New Visions

"Seeing" things a little differently

Living a monocular life part 4 (little inconveniences)

It’s those little inconveniences!

I was born with low vision so I have no idea what 20-20 vision looks like.  I’ve tried to imagine what the difference would be just by the things I hear you say,  such as…

“See that bird flying over there?” or “look at the fish in the water over here!”  Chances are I can’t see it. I’ll squint my eyes and look in the direction that you are pointing but I may never see it.

I remember my daughter Haley needed glasses when she was twelve years old.  When she first put them on and looked around, her expression was so full of delight.  As she pointed out different things  around her she said “I can see the lines on the leaves of the trees!” and ” everything is so beautiful.”

If I never had it to begin with, I don’t miss what I didn’t have.

My doctor has tried glasses on me hundreds of times, nothing makes my sight any better.  I know I can’t see as good as you can, I have a difficult time seeing the intricate details and sometimes only light and dark shadows from far away distances.

I can remember my ex husband complaining one day that I didn’t clean something good enough, he didn’t stop to realize that maybe I didn’t see that small streak of dust on the baseboard.

At work, the people that we support build outdoor swings and chairs made of white cypress and I have a problem seeing tiny cracks in the wood.  To me, it all blends together.

If  I’m working on the computer for a long length of time the letters on the screen become distorted making it difficult to read.  When I rub my eyes I might dislodge my artificial eye causing a slight bit of pain.  Ceiling fans at night cause my prosthetic eye to get very dry and irritated.  I usually wake up  in the mornings and rush to get some soothing drops in.

These are all very minor inconveniences that infiltrate my life daily. It’s a very small price to pay for the good fortune I have for being able to see at all.  I don’t dwell on what I don’t see, just grateful for what I do see.

Why do I write about this?

I hope that by my writings you will understand a little more about others who deal with low vision or those of us with monocular vision.  My desire is for all of us to accept and understand anyone that is living with any type of challenge so they can have the same opportunities as everyone else.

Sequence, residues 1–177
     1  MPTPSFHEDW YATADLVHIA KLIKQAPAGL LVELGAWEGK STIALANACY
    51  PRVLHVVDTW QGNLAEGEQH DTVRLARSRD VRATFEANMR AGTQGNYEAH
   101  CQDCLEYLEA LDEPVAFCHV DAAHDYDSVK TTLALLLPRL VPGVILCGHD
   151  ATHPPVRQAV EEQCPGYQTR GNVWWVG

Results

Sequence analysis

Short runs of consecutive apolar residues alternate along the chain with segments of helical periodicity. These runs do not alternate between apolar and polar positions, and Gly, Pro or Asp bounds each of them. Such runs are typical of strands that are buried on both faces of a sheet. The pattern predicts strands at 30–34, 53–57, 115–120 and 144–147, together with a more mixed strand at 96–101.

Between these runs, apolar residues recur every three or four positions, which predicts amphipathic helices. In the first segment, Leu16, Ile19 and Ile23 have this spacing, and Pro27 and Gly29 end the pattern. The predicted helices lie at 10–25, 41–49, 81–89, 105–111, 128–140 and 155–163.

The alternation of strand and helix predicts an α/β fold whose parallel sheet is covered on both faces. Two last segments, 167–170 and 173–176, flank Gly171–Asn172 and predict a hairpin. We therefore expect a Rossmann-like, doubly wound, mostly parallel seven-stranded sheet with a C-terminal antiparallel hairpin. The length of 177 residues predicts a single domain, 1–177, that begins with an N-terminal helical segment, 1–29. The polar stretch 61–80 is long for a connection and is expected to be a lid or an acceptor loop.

Today… be grateful for the little things that make your life convenient and understand that people who have challenges may need a little support.  We don’t want pity or others to do things for us, just be understanding.




5 comments on “Living a monocular life part 4 (little inconveniences)

  1. Mono vision is a subtle disability that is difficult for folks with (normal) stereo vision to understand. I’m monocular from birth, but had early surgery and learned to alternate focus @ an early age. I think It is important for folks with mono vision to learn to work with both eyes and hands for balance (physical and mental) if both eyes are functional. Adding a visual detail deficit is an additional challenge.

    There are a few benefits for mono seers. I find it easier to see that my car is overtaking the one ahead of me allowing for earlier prep for proper passing. The downside is that I am inclined to be impatient with most stereo seeing drivers who don’t seem to see the overtaking until 50 ft when their duplex cues kick in.

    • sherrylcook
      November 4, 2013

      Thank you for the “pardon the pun” insightful view of living with monocular vision. I’m sure there are many individual reasons why some have a harder time than others. People have told me they are amazed at how I can bowl, shoot pool, drive, shoot a gun, catch a ball…well you get the idea…so well. the vision in my good eye is only 20/200. The physical body has a way of teaching itself over time how to compensate for the lack in another area. There have been times while playing tennis I will take a swing at the oncoming ball and totally miss it…thinking it was nearer to me than it actually was. It’s all in good fun though, we all have our issues and it’s part of our learning to live with gratitude!

  2. nikky44
    July 13, 2012

    Thank you Sherryl for sharing ❤

  3. coachdougbowers
    July 3, 2012

    Well done – learning to deal with what we have and not worry about what we don’t have is by far the best way to get through life with a happy spirit. A great reminder that none of us are “perfect” and we really should be grateful for what we have ( I know I am!) and be considerate to those with challenges we may not even know about. Nice post

    • sherrylcook
      July 3, 2012

      Thank you for commenting, if I can make people more aware that others are facing challenges that most people may not even be aware of, then I have succeeded in making their life just a bit better. It all boils down to being considerate of your fellow human beings! Have a great day!.

Leave a Reply

Fill in your details below or click an icon to log in: Logo

You are commenting using your account. Log Out /  Change )

Google+ photo

You are commenting using your Google+ account. Log Out /  Change )

Twitter picture

You are commenting using your Twitter account. Log Out /  Change )

Facebook photo

You are commenting using your Facebook account. Log Out /  Change )


Connecting to %s

%d bloggers like this: